It's cold and flu season, and the usual advice is being dispensed: Get the influenza vaccine, wash your hands regularly and avoid contact with anyone who's already sick.
But is there anything else we can do?
"You can't be overly cautious," said Dr. Trish Perl, chief of the Division of Infectious Diseases at UT Southwestern Medical Center in Dallas. "But you have to be smart. A lot of people don't recognize how serious the flu can be."
During the last flu season – October 2018 through early May 2019 – at least 37.4 million people got the flu. Of those, at least 531,000 were hospitalized and between 36,400 and 61,200 people died, according to the Centers for Disease Control and Prevention.
The risk may be particularly acute when it comes to the heart.
A 2018 study in the New England Journal of Medicine indicated the incidence of heart attack was six times higher within a week of being diagnosed with the flu compared to the year before or after the infection.
"The data are becoming more and more compelling that the flu vaccine prevents cardiovascular events as well as mortality, especially for people over 65," Perl said.
Several factors make the flu virus a particularly formidable foe, she said. It can be transmitted through the air, survive on some surfaces up to 48 hours, "and survive on a hand that's not washed for up to an hour."
Those characteristics make hand sanitizers and disinfecting wipes key allies during flu season.
"Most common illnesses are spread by your hands," said Charles Gerba, a microbiologist at the University of Arizona who has spent a career tracking germs everywhere from toilet seats and airplane trays to computer touchscreens and hotel TV remote controls. "Hand hygiene is the most important thing you can do for yourself."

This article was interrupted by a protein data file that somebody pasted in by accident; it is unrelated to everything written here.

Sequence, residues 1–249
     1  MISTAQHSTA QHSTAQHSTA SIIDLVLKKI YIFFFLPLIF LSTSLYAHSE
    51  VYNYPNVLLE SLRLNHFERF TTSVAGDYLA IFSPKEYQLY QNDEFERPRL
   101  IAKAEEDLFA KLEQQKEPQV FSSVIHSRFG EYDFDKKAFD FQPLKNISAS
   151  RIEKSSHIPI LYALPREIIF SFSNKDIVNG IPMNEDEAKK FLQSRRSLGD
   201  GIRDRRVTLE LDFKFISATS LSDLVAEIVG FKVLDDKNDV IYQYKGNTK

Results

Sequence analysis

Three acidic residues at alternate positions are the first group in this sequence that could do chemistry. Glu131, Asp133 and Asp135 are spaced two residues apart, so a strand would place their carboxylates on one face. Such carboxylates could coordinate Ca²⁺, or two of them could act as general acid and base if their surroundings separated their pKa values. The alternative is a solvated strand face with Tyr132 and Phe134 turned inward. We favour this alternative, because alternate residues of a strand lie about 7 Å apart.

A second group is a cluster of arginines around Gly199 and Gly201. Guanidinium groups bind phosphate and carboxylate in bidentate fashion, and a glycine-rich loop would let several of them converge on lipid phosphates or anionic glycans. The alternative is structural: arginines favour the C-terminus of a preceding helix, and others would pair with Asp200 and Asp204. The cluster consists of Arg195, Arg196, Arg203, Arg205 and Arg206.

He advocates washing hands or using sanitizer when coming home after a day of touching our germ-ridden world.
Experts suggest other tactics to keep in mind during cold and flu season:
Get enough sleep. A 2015 study in the medical journal Sleep found people who slept fewer than six hours at night were more susceptible to catching colds.
Disinfect phones and tablets. "You're continually touching them along with other surfaces, which is great for moving germs around," Gerba said. "You can use alcohol wipes on phones, and you should clean and sanitize them once a day."
Have a cup of tea. In the journal Molecules, a 2018 review of the latest studies suggests catechins, a flavonoid and antioxidant in tea, can inhibit the spread of flu virus in the body.
Eat right and don't forget the vitamin D. Some studies suggest vitamin D can strengthen the immune system and fight infection. Sources include fatty fish, dairy products, supplements and sunlight. "There isn't really a lot of literature that suggests this will reduce the risk of acquiring and transmitting influenza," Perl said. "But maintaining appropriate nutrition is very important in making sure your immune system is responsive."
Be a careful shopper. Those holiday crowds at the mall might provide an unwanted gift. Gerba advised paying particular attention after children finish cavorting around the indoor playgrounds that most malls have. "Bring the sanitizer with you and clean their hands right away," he said. "Or, you could just do your shopping online."
Try not to touch your face. The eyes, nose and mouth are prime entry points for germs you pick up throughout the day. That makes habits like rubbing your eyes, scratching your nose or biting your nails especially risky during flu season. "People do it so subconsciously and so often that it's difficult to stop," Gerba said. "You've got to really make an effort."
Overall, Perl said, people shouldn't be too anxious about flu season. "It's really mostly common sense and getting your flu shot," she said.
On the other hand, don't be too cavalier either. "I tell patients a lot, 'While you may not get sick or you might get mildly sick, I see people die from this.' It's absolutely true that bad things can happen from the flu."
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